My Photoessay Melted Into One

 

Photo Manipulation In the Media

The concept of photo manipulation is not inherently malicious or harmful to the viewer/society. Although there are instance where companies or artists have manipulated images in order to create a lie, there are more benevolent uses for editing. There is an artistic value to the manipulation of photos, as it can help unify the overall theme or message of the photo/s. For instance, when the Economist published an edition with Barack Obama on the cover during the BP oil spill crisis, they removed two individuals from the photo and left only the president and an oil rig in the frame (Can you believe your eyes?). The reasoning behind this was for the viewers focus to be Obama. In this instance of manipulation there wasnt an inherent “lie”, there wasnt a false story created. Rather, this form of photographic framing sharpened the purpose of the image, the article contained within the edition, and potentially the magazine itself.

Jean Kilbourne is a dominant voice on the negative effects of advertising on society. She has been quoted saying, “The problem with advertising isn’t that it creates artificial needs, but that it exploits our very real and human desires. Advertising promotes a bankrupt concept of relationship. Most of us yearn for committed relationships that will last. We are not stupid: we know that buying a certain brand of cereal won’t bring us one inch closer to that goal. But we are surrounded by advertising that yokes our needs with products and promises us that things will deliver what in fact they never can. In the world of advertising, lovers are things and things are lovers” (Jesus is a brand of jeans). When the examples Kilbourne gives are closely examined, one can recognize a correlation between the increased use of photo manipulation and the increase in the negative effects she refers to. As photos are manipulated to serve the interest of profit driven corporations, we see the association between products and human beings. There is a subliminal message that our peers are simply products. In particular, women are being depicted negatively and in contemporary ads are THE product.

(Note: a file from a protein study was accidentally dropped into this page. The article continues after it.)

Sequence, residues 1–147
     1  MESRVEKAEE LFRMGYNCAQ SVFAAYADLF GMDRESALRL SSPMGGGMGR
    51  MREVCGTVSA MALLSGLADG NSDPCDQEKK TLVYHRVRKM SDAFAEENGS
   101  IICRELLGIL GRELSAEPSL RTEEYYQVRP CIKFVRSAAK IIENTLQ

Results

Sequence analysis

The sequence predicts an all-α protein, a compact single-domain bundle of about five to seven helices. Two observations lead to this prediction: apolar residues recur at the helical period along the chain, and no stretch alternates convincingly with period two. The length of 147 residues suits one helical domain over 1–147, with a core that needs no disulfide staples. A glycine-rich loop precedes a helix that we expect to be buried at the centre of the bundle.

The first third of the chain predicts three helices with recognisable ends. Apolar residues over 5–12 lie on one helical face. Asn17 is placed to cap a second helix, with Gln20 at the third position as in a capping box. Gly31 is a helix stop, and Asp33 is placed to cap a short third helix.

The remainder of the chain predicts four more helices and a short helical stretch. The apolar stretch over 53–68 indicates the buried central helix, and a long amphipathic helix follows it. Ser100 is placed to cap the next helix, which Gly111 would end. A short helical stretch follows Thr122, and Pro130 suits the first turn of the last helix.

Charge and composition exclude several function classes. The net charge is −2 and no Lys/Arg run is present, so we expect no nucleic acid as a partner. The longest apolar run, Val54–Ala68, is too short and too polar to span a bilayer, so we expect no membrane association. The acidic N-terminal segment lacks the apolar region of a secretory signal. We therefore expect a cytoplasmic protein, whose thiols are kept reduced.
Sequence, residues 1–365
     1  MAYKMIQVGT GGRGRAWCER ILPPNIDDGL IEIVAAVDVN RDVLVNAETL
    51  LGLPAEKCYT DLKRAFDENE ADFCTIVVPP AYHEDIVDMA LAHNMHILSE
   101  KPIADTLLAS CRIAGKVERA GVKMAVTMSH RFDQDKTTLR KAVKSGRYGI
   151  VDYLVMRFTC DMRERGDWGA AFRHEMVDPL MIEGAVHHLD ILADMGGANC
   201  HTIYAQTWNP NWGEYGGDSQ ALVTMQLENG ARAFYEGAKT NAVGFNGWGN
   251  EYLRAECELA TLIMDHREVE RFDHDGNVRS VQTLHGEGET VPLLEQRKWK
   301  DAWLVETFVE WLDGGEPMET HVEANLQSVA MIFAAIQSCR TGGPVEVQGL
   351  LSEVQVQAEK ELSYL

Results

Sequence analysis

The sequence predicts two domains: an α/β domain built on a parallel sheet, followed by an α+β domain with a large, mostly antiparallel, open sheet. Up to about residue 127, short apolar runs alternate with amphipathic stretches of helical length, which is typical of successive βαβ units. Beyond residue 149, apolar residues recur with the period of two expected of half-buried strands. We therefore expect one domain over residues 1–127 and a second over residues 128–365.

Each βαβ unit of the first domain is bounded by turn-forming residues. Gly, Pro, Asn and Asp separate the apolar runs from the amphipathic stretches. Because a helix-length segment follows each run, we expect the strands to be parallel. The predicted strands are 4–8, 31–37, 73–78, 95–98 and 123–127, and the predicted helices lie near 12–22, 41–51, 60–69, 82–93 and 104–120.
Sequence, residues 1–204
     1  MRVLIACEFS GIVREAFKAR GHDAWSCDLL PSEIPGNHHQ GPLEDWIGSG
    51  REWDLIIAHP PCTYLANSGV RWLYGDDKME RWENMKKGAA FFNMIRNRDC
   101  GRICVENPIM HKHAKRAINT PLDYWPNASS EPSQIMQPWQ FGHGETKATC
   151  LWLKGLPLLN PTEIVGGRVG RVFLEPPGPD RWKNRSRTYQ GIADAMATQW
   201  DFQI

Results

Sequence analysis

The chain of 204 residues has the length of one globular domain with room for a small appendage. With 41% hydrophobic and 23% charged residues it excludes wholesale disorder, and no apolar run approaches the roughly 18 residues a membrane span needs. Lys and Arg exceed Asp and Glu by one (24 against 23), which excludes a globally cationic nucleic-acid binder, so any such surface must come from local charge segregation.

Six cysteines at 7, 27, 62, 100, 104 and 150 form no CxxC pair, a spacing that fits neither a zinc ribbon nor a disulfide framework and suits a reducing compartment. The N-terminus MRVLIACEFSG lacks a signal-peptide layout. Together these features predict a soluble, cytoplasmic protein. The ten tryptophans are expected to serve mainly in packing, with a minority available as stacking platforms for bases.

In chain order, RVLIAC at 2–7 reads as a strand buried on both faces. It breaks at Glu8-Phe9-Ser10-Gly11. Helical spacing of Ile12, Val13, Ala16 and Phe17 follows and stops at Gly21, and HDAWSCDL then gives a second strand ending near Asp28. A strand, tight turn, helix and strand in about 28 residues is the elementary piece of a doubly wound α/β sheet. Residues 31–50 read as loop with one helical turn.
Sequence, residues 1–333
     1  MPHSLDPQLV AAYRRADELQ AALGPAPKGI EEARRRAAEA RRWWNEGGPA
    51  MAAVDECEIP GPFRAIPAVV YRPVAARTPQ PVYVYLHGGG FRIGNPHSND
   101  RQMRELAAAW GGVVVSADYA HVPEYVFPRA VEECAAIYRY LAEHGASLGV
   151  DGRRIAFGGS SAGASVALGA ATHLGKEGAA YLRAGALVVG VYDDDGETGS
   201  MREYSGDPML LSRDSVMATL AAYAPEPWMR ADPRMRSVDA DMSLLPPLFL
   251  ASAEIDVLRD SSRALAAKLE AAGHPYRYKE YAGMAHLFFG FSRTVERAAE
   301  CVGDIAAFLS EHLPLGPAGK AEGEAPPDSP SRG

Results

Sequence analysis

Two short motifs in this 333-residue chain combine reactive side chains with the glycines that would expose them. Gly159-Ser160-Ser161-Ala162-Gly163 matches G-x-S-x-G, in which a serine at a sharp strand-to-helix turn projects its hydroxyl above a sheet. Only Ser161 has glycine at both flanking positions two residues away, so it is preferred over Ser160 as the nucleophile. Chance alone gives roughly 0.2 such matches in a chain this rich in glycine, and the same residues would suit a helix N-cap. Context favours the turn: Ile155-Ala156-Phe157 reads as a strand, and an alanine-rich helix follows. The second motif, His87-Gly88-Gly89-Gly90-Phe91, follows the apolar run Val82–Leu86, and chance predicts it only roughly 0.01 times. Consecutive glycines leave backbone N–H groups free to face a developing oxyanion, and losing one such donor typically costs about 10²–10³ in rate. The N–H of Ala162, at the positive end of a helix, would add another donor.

(Jesus is a brand of jeans- http://www.newint.org/features/2006/09/01/culture/)

In the photo above the woman and the product are one. Individuals like Kilbourne immediately recognize the adverse effects such ads have on equality in society. By depicting women as products it seems as if advertisers (and potentially society) view woman as something other then human, they are products not equal to their male counterparts. This is entirely unethical and degrading to both women and the human condition. Viewing any individual as a product only hurts the meaning of humanity and the quality of life for all. There has been a shift in contemporary ads towards an equality of men and women, but this equality is in the wrong direction. Now, men are even being depcited as products. This is not the equality Kilbourne, nor any other equality advocate is fighting for. There must be a standard, a high standard to which society holds advertisers and those who work with photographs.

(“Are we coerced into gender roles by media and advertising?”, http://theshapeofdiversity.org/wp-content/uploads/2011/02/dolce-and-gabbana-rape-ad.jpg)

The practice of photo manipulation is not by itself wrong or corrupt. There are artistic and benevolent benefits to editing a piece of work. The negative side of manipulation comes up when the motives behind such action are more “dark”, such as advertising. However, I would even argue that manipulation used in advertising is not inherently wrong; editing the lighting or contrast of an image only makes something more visually appealing. What I take issue with are the more unethical practices of manipulation; infusing individuals and products, slimming down models, changing the ethnicity of individuals depicted, etc. These actions send a visual signal that individuals are not “good enough” in their natural state. By creating a false reality of visuals, such as thinning down models, the world is falsely presented. Those wo view the photo then see themselves as “against the grain” and in need of change. Yet the truth is they are most likely average or normal and by extension beautiful.

In order to stop this downward slope of standards and view of humans as products, there must be a code of ethics for advertisers and those that work with photographs. Rather then just a code of ethics, it appears that there needs to be a constitution of photo manipulation, guiding principals by which all who function within the realm of the arts must follow.

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